Spoilers follow for the Disney Plus show – you have been warned. I mean, the whole series of Obi-Wan Kenobi is available – so if you haven’t seen them already, go watch them now!
The desperate refugees, with Kenobi and Leia onboard, are being relentlessly pursued by Vader and the Empire. Meanwhile, after discovering Kenobi’s message from Bail Organa, Reva is looking for a very specific target on Tatooine.
This season finale is an absolutely brilliant end to what has been one of the biggest and most pleasant surprises in the line-up of Disney Plus Star Wars shows so far. I may sound like a broken record, but I really wasn’t expecting very much from Obi-Wan Kenobi. Though I could be accused of having such low expectations that it wouldn’t have been difficult to exceed them and impress me, there’s so much more to it than that.
The use of Vader, for one thing, was something that has been done superbly. In this episode, a further confrontation even manages to justify a piece of dialogue that’s long been thought to have been deceptive at best – and an outright, pretty out-of-character line at worst. And it does so in a way that is incredibly smart, dramatically satisfying and genuinely logical as an extension or deepening of Star Wars lore.
Though Ewan McGregor generally seemed a bit awkward in the role of Kenobi in the prequels – naturally, he had his moments, but on the whole it was a little stiff – the same could be said of pretty much any other actor in the prequels, regardless of their role. Thanks to poor writing and listless direction from George Lucas, there are very few performances in the prequels that are memorable for the right reasons. Yet here, he’s been stunning as a beaten, damaged Kenobi – and another sequence with Vader in this final episode is a further testament to just how good McGregor is in the role.
Kenobi’s relationship with the young Leia has also been an unexpected, unforeseen element of the show that’s been wonderful to see develop – and it’s one that continues here, setting up the future events of the saga in a great way.
One slightly less successful aspect of the show has been Reva, the Third Sister – though the fifth episode more than justified her part in the overall fabric of the show. Her part in the finale is a little awkward, as it feels a bit conveniently set up (and the timescales of how everything has ended up taking place near enough simultaneously is also a bit off) – and, more than almost any other aspect of the series, is a thread that suffers from the prequel effect of knowing who will – and won’t – survive the story. That said, Moses Ingram once again gives a great performance, which should – but sadly, probably won’t – shut up the racist, sexist ‘fans’ for good.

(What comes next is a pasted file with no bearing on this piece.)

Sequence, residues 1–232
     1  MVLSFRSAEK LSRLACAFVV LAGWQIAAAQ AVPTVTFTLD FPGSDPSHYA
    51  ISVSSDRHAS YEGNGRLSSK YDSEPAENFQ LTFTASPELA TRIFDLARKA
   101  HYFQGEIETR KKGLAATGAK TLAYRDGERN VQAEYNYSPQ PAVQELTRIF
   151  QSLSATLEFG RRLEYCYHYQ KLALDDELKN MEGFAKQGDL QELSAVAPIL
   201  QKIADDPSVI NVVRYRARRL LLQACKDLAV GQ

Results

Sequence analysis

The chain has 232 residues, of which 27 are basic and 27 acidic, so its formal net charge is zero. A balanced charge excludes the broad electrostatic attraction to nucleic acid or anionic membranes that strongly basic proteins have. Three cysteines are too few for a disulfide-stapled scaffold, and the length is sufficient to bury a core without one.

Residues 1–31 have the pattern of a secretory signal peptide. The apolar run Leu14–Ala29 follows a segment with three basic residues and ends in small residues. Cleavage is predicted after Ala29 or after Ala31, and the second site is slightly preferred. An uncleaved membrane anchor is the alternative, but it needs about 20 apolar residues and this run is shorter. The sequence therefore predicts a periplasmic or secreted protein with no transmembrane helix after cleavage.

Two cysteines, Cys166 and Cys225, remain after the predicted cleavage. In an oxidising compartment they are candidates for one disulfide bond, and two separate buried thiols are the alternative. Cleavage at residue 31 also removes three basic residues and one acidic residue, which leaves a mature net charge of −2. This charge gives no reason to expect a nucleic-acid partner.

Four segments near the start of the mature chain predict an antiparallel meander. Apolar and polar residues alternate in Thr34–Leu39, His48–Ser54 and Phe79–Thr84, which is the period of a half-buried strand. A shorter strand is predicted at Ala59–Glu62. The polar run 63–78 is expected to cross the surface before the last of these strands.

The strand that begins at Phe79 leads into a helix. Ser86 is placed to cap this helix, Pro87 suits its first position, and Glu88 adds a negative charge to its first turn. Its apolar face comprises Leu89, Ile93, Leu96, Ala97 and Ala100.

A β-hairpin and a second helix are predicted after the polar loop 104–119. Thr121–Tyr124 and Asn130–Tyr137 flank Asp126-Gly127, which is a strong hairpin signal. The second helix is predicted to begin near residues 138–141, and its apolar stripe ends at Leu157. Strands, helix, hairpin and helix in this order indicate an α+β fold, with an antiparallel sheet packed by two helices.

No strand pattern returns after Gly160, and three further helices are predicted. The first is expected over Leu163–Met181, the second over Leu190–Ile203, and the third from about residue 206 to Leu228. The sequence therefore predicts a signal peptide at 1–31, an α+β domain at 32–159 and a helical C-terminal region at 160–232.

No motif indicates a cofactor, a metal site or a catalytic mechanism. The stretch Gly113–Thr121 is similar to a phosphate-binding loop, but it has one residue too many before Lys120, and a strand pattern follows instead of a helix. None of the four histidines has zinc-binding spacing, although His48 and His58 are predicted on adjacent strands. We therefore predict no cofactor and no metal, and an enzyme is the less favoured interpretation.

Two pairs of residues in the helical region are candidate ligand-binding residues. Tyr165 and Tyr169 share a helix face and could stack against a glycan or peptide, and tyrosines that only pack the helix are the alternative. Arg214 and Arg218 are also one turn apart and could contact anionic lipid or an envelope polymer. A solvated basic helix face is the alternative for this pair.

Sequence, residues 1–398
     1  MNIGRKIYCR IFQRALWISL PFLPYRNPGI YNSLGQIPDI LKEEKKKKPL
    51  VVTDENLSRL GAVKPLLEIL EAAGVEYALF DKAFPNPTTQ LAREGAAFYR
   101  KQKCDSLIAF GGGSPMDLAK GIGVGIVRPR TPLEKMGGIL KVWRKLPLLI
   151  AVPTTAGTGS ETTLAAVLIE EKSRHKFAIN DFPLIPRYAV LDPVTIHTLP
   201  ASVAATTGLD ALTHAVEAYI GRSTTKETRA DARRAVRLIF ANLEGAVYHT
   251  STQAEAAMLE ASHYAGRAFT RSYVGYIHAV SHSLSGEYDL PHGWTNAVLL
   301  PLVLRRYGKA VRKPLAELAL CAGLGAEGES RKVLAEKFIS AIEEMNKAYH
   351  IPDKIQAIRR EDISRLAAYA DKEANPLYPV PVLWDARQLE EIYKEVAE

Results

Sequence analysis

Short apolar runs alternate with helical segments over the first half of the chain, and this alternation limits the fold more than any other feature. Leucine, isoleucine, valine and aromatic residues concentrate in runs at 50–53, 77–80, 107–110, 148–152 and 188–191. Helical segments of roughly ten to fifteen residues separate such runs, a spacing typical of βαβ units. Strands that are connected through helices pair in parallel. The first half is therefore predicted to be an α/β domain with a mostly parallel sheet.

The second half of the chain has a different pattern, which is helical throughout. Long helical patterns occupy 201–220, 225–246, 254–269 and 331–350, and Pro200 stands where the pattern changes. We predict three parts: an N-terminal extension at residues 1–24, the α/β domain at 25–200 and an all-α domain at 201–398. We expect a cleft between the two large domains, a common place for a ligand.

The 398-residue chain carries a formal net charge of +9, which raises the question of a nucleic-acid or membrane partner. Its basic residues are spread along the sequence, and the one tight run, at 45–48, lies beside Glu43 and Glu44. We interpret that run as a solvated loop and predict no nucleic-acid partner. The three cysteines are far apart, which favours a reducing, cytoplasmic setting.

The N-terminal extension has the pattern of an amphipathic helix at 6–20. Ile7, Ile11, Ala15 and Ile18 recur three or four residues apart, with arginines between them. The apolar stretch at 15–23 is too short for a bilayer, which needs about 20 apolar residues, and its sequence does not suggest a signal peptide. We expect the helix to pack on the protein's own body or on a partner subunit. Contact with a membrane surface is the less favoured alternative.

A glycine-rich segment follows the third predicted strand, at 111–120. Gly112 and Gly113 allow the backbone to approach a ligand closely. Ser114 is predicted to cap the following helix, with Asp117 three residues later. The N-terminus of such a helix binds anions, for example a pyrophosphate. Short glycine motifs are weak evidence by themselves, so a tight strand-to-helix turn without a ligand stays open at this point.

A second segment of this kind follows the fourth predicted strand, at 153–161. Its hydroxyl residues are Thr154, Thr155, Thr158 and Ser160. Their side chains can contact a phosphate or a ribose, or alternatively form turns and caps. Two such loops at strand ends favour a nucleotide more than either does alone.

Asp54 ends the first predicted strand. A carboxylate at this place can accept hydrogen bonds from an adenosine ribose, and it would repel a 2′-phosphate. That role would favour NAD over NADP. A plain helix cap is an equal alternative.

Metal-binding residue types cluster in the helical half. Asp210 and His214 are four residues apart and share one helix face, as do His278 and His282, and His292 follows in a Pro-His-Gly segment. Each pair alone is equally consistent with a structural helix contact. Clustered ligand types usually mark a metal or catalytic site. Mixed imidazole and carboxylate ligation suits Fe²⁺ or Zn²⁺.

Lightsaber battles have felt so fresh over the course of the series, mostly thanks to the way that Deborah Chow has shot many with minimal lighting, often making the Jedi weapons the sources of light in a scene – it gives these sequences a unique look and feel; as well as this, the fight scenes in general have been brilliantly shot and choreographed.
There’s a few brilliant cameos too; though at least one of them feels like little more than fan service (and suffers from looking a bit odd too), it’s great payoff for long term Star Wars fans.
Which is something that can be said for the entire series of Kenobi, now that all’s said and done. Though we know the fate of near enough every character, there’s been more than enough surprises and genuinely important character moments that it’s felt like essential viewing for Star Wars fans.
It’s recontextualised – perhaps even redeemed – some awkward and/or disappointing moments and developments in more than one of the older movies – and the Star Wars universe now feels richer and more satisfying as a result. Perhaps the biggest wins of all are the significant new contributions to the saga from McGregor and Hayden Christensen as Anakin/Vader; both of whom disappointed in many ways during their original appearances. Now, there can be no doubt that they’re the right people, in the right roles, at the right time.
After the massive disappointment of The Book of Boba Fett and an insonsistent – though overall very good – few series of The Mandalorian, it feels great to have a live action Star Wars show that barely puts a foot wrong over its entire duration.
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